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The Right Way Out of Hookup Culture

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In a society that is very conducive to a thriving hookup culture, Groton has done a remarkably good job in fostering relationships that are constituted by an attraction greater than one that is solely physical. Despite the world and culture around our community, Groton is not a place where hookups are counted like currency. Rather, it is a place where, relative to other communities, relationships are meaningful because they are a bond between two people.

 

The Groton community itself is the driving force behind this type of community. Certain administrative steps, like changing the name of “Last Chance Dance” (with the “hook up” implied) to “Last Chance to Dance Dance,” have helped to create a healthier environment in respect to hookup culture, but I think that much of this change can be attributed to this year’s sixth form.

 

Past senior classes suffered from gender tensions, which created an unhealthy standard for romantic relationships. The truth is, sixth formers play a very big role in setting the tone for the rest of the school. A fair number of sixth formers this year are in long-term relationships, which makes others more comfortable with having an emotional connection to their significant other.

 

In fact, long-term relationships have become so custom that casual hookups are now unusual, and generally frowned upon. I hadn’t heard of the term “shu,” meaning “secret hookup,” at any point during my freshman year because people didn’t need to conceal their relationships. Quick flings were not just normal, but expected. Now, students feel they must keep their casual hookups a secret.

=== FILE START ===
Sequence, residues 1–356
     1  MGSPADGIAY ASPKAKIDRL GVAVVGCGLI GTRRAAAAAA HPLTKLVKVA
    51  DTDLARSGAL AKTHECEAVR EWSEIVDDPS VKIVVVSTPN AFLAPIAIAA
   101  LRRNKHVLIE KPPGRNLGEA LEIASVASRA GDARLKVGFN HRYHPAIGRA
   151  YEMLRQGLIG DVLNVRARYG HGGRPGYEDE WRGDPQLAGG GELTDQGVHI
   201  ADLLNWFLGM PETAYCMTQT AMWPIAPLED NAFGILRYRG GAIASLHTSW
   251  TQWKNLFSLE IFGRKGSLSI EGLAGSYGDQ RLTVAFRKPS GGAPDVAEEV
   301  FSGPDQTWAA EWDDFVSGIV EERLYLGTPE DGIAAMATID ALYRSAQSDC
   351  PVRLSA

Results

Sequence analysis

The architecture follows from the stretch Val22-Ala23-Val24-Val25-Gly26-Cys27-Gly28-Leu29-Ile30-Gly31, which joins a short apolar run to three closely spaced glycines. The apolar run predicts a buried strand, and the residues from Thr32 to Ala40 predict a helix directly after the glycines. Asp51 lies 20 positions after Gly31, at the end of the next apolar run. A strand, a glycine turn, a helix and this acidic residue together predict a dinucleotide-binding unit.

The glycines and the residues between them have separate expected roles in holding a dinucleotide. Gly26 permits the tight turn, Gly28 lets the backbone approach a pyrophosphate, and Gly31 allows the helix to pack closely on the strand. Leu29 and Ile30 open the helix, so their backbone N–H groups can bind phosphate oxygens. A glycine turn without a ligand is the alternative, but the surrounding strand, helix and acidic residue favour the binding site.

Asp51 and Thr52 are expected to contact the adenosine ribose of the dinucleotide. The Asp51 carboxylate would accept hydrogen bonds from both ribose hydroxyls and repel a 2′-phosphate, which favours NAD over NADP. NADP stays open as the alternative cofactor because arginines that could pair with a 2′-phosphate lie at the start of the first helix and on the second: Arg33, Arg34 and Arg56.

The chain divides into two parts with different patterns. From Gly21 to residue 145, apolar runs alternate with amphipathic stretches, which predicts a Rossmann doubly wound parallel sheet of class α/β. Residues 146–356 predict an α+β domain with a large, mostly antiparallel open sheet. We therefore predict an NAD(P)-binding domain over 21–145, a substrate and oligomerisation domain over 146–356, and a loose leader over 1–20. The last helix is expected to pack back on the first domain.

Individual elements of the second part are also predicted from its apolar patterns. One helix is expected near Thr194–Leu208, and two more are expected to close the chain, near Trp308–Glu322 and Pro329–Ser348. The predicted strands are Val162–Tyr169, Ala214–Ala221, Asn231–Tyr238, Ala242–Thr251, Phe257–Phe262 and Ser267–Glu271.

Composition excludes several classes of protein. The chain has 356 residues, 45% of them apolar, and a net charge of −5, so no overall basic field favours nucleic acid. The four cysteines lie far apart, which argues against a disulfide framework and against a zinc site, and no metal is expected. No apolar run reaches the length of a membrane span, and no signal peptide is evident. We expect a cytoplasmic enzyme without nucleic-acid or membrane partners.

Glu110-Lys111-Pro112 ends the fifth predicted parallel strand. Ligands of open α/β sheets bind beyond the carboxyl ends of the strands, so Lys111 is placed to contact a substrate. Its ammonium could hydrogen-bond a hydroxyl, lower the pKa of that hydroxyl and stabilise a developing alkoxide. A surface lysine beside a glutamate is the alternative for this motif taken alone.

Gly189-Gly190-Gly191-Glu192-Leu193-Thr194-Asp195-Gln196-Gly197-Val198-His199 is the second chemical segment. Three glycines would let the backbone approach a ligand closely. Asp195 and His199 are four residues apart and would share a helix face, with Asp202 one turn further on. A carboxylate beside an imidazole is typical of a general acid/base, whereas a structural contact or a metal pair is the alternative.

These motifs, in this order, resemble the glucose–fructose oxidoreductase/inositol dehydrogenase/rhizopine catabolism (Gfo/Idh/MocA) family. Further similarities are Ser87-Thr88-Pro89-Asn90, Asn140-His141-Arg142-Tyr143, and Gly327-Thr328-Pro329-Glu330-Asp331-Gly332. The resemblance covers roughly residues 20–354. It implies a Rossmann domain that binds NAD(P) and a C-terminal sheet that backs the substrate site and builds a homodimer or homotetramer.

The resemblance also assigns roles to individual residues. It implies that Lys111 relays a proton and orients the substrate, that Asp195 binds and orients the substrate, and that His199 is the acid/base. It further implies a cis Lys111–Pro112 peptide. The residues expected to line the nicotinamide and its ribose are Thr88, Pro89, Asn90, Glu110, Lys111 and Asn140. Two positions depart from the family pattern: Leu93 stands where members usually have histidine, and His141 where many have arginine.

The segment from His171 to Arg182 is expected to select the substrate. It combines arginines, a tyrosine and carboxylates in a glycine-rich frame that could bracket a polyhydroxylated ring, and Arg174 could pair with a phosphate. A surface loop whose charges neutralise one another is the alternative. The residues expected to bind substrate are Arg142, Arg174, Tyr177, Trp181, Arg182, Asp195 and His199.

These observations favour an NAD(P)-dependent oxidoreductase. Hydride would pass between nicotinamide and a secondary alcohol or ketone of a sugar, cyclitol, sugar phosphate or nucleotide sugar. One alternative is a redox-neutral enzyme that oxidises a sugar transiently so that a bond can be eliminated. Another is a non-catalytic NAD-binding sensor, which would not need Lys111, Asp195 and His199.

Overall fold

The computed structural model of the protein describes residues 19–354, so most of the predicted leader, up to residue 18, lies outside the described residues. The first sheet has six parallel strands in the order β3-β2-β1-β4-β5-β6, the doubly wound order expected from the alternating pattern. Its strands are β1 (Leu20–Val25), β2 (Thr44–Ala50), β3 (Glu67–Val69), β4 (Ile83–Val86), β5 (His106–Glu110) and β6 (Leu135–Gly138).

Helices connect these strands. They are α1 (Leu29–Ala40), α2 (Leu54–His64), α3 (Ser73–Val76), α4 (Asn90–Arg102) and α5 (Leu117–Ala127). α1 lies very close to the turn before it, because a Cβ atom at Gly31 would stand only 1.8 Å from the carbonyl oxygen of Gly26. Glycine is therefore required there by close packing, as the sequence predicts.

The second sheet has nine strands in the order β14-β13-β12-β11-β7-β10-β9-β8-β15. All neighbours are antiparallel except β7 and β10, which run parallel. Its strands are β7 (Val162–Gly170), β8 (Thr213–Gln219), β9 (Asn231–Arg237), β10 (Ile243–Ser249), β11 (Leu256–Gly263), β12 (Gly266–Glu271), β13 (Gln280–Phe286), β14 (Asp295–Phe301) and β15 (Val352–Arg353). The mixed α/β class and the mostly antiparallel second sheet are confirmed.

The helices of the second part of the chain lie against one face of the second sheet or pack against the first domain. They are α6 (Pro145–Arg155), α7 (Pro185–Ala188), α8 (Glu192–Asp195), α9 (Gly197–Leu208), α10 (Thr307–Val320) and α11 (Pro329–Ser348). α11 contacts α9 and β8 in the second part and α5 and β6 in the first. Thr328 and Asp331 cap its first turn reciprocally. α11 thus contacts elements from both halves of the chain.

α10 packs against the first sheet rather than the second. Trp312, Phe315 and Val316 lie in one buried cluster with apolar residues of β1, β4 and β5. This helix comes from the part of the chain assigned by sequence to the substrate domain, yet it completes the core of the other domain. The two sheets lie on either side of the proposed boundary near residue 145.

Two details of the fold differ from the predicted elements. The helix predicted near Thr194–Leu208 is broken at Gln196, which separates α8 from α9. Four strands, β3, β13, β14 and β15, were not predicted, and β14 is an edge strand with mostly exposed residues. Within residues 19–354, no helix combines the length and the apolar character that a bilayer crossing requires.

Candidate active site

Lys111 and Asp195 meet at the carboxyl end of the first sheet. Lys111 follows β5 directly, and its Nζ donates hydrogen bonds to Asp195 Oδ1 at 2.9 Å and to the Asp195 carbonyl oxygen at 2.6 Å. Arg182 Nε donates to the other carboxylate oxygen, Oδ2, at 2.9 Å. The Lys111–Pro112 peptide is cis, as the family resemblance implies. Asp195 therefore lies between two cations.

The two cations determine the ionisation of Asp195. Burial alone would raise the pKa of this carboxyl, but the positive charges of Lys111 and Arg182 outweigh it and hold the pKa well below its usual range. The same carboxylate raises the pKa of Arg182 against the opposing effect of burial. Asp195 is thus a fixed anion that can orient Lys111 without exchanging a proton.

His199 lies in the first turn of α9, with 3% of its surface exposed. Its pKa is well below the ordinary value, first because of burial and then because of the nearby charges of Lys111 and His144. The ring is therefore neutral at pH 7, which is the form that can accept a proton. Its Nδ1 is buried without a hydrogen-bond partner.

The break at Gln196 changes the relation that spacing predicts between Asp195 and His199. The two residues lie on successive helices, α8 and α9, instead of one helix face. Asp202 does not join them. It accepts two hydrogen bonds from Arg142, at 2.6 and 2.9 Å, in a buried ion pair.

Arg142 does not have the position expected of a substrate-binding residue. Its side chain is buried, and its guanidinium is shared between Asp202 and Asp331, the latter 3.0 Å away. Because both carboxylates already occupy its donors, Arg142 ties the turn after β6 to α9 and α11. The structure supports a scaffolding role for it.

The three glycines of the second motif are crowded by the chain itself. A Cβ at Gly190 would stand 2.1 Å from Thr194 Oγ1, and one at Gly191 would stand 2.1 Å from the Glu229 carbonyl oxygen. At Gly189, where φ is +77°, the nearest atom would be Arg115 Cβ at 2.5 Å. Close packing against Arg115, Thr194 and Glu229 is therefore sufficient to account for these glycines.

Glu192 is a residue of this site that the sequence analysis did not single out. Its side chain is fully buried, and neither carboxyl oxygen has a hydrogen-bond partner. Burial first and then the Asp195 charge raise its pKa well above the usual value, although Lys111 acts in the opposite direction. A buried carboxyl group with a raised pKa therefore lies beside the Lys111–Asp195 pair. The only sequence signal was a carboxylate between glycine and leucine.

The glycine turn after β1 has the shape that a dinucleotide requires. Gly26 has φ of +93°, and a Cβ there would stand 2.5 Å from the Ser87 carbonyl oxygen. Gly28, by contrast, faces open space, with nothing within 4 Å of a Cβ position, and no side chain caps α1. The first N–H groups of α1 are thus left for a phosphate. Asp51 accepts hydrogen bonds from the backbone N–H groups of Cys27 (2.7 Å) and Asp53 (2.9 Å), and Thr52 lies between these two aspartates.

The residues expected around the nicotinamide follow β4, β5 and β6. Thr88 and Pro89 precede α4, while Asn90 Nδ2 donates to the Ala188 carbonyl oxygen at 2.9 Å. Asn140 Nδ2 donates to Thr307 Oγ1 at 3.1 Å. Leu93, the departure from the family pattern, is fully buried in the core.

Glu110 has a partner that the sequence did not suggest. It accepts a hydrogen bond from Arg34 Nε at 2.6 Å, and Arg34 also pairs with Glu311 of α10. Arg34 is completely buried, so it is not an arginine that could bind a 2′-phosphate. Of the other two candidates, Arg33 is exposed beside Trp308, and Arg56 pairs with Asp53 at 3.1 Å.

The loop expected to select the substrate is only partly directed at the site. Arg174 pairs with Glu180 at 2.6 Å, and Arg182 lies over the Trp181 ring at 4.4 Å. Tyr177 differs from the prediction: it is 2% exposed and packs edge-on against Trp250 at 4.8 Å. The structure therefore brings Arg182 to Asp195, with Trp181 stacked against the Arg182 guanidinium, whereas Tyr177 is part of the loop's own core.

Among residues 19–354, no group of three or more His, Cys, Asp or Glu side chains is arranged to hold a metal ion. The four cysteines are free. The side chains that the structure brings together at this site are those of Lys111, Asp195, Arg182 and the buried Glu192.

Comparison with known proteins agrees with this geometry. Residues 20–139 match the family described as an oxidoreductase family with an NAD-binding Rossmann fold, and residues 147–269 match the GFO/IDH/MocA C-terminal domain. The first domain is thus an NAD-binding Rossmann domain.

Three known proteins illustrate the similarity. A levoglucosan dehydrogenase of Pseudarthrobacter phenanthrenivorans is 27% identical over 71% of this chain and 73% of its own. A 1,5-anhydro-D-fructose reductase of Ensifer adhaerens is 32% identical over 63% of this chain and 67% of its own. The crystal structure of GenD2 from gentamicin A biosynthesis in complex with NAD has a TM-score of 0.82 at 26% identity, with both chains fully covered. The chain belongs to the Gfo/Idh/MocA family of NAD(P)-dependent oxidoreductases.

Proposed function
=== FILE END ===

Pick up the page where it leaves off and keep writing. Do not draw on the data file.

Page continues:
I see this as a positive change, and although the state of romantic interaction at Groton is nowhere near perfect, it’s come a long way. Intimacy is an important part of the human experience, and a pervasive hookup culture is not conducive to such intimacy. A Groton in which people are comfortable and intimate with one another is a Groton that better prepares its students for the relationships later in life. It’s up to students to de-stigmatize meaningful, emotional connections in relationships.

 

I don’t claim that this year’s graduating class is perfect, but I think that younger forms could benefit from observing the standard of positive gender relations set by the Sixth Form. From what I’ve learned, I can tell you this: if you respect and develop bonds with one another, it will not only benefit you, but the entire Groton community.

 

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